There has been a colossal falling away from the Catholic faith in Ireland in the last few decades. I am not sure of the reasons why. Some say the rot had set in long before. That may well be true. Some try to gloss over the reality by speaking of the undoubted generosity of many young people.

Earlier in his talk Archbishop Martin noted: Ireland is today undergoing a further phase in a veritable revolution of its religious culture. Many outside of Ireland still believe that Ireland is a bastion of traditional Catholicism. They are surprised to discover that there are parishes in Dublin where the presence at Sunday Mass is some 5% of the Catholic population and, in some cases, even below 2%. On any particular Sunday about 18% of the Catholic population in the Archdiocese of Dublin attends Mass. That is considerably lower than in any other part of Ireland.

For the second time since I became Archbishop of Dublin there will be no ordination to the priesthood in the Archdiocese of Dublin this year and the coming years indicate only a tiny trickle of new vocations.
Holy Family Church, Aughrim St, Dublin, the parish in which I grew up and where I celebrated  my First Mass.
In theory, the Archdiocese has about 1,100,000 members, about 84 percent of the population of the area it covers and is by far the largest in terms of numbers of Ireland's 26 dioceses. The parish I grew up in had five priests when I was young and the church used to be packed for Mass on the weekdays of Lent. Now it has three priest,s two of them diocesan, the third a returned missionary who is not in good health. The pastor emeritus also helps out. The parish I now go home to has three priests, including a religious priest in his 70s and a retired parish priest. When I first went home there in 1981 it had four priests, as I recall, all from the diocese and three of them much younger than any of the priests there now. Since last year St Brigid's has had a full-time lay parish pastoral worker, a young man named Kevin Mullally.
St Brigid's Church, Blanchardstown, where I go home to now. It is just north of the city of Dublin and has many Filipino parishioners, mainly because of James Connolly Memorial Hospital.

The interior of St Brigid's. When I was young Blanchardstown was essentially a rural village. Now it has become a huge suburb of Dublin. many of its parishioners, like me, grew up in Holy Family Parish.

St Patrick, the patron saint of Ireland, the son of a deacon and grandson of a priest, was probably like many young people in Ireland today when he was kidnapped and taken there, probably from Wales, at the age of 16. Here is the opening of his Confession with my highlights and [comments]:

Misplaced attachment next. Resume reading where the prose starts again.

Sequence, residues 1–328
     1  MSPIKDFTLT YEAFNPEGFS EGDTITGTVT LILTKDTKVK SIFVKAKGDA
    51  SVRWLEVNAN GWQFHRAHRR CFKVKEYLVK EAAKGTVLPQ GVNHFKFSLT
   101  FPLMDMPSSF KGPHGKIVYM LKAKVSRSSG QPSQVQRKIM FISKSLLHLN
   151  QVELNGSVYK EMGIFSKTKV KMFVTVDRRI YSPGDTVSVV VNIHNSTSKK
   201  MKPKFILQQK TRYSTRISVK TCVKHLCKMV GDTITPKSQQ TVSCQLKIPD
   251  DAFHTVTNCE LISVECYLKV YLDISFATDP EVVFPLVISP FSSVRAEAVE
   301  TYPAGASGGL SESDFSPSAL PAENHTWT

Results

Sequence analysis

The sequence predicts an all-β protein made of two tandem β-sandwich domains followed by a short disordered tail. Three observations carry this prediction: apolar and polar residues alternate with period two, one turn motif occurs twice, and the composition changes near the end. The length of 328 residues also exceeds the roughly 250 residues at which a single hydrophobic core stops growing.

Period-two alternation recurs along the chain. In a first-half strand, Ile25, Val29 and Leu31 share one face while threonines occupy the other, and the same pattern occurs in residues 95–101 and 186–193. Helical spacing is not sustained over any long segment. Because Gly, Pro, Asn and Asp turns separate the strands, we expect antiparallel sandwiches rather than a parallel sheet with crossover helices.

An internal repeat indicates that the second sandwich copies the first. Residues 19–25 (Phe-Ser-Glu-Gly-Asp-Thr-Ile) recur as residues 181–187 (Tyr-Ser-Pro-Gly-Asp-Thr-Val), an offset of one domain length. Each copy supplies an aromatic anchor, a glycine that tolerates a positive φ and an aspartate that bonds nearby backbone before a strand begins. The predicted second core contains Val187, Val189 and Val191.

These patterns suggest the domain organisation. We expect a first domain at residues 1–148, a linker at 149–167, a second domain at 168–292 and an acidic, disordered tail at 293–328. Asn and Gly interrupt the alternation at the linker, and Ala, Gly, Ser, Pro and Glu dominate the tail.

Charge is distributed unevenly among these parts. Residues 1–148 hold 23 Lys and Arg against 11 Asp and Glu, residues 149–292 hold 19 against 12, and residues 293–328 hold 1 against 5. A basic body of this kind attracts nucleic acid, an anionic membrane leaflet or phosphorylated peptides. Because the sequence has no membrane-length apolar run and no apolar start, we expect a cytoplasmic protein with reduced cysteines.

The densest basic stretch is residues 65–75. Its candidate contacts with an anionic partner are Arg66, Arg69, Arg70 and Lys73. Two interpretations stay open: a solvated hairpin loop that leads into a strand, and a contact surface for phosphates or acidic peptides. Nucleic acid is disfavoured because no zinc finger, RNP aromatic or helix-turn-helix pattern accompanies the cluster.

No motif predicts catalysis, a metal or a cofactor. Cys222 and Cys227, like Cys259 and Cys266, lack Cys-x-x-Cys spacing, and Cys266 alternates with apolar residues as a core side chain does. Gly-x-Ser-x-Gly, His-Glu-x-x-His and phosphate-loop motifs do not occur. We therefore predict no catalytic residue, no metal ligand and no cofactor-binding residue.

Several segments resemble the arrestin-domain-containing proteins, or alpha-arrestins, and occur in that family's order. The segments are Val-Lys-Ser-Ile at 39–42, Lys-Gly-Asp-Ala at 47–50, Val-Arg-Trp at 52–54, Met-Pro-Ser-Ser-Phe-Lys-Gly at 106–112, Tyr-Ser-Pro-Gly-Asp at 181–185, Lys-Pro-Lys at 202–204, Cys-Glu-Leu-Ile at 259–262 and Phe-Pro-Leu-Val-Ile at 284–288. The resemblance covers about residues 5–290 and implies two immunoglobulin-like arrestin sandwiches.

1. I, Patrick, a sinner, a most simple countryman, the least of all the faithful and most contemptible to many, had for father the deacon Calpurnius, son of the late Potitus, a priest, of the settlement [vicus] of Bannavem Taburniae; he had a small villa nearby where I was taken captive. I was at that time about sixteen years of age. I did not, indeed, know the true God; and I was taken into captivity in Ireland with many thousands of people, according to our deserts, for quite drawn away from God, we did not keep his precepts, nor were we obedient to our priests who used to remind us of our salvation. [Was he 'catechised' but not 'evangelised', as Archbishop Martin described the young people of Ireland today?] And the Lord brought down on us the fury of his being and scattered us among many nations, even to the ends of the earth, where I, in my smallness, am now to be found among foreigners.

2. And there the Lord opened my mind to an awareness of my unbelief, in order that, even so late, I might remember my transgressions and turn with all my heart to the Lord my God, who had regard for my insignificance and pitied my youth and ignorance. [Maybe it's appropriate that St Patrick's Day always falls during Lent.] And he watched over me before I knew him, and before I learned sense or even distinguished between good and evil, and he protected me, and consoled me as a father would his son.

May St Patrick, patron of Ireland and of Nigeria, patron of churches in every continent, obtain a renewal of faith for the descendants of those who kidnapped him and to whom he later brought the Gospel. May he also obtain God's very special blessings on the people of Japan who are suffering so much at present.

Lúireach Phádraig  Saint Patrick's Breastplate

Críost liom,                                                 
Críost romham,
Críost i mo dhiaidh,
Críost istigh ionam,

Críost fúm,
Críost os mo chionn,
Críost ar mo lámh dheas,
Críost ar mo lámh chlé,

Críost i mo lúi dom,
Críost i mo sheasamh dom,

Críost i gcrói gach duine atá ag cuimhneamh orm,
Críost i mbéal gach duine a labhráionn liom,
Críost i ngach súil a fhéachann orm,
Críost i ngach cluas a éisteann liom.

Christ with me,
Christ before me,
Christ behind me,
Christ within me,

Christ below me,
Christ above me,
Christ on my right hand,
Christ on my left hand,

Christ in my sleeping,
Christ in my waking,

Christ in the heart of all who think of me,
Christ in the mouth of all who speak of me,
Christ in every eye that looks at me,
Christ in every ear that listens to me.

Lá Fhéile Pádraig faoi mhaise daoibh!
A Happy St Patrick’s Day!



Jackie Parkes MJ said...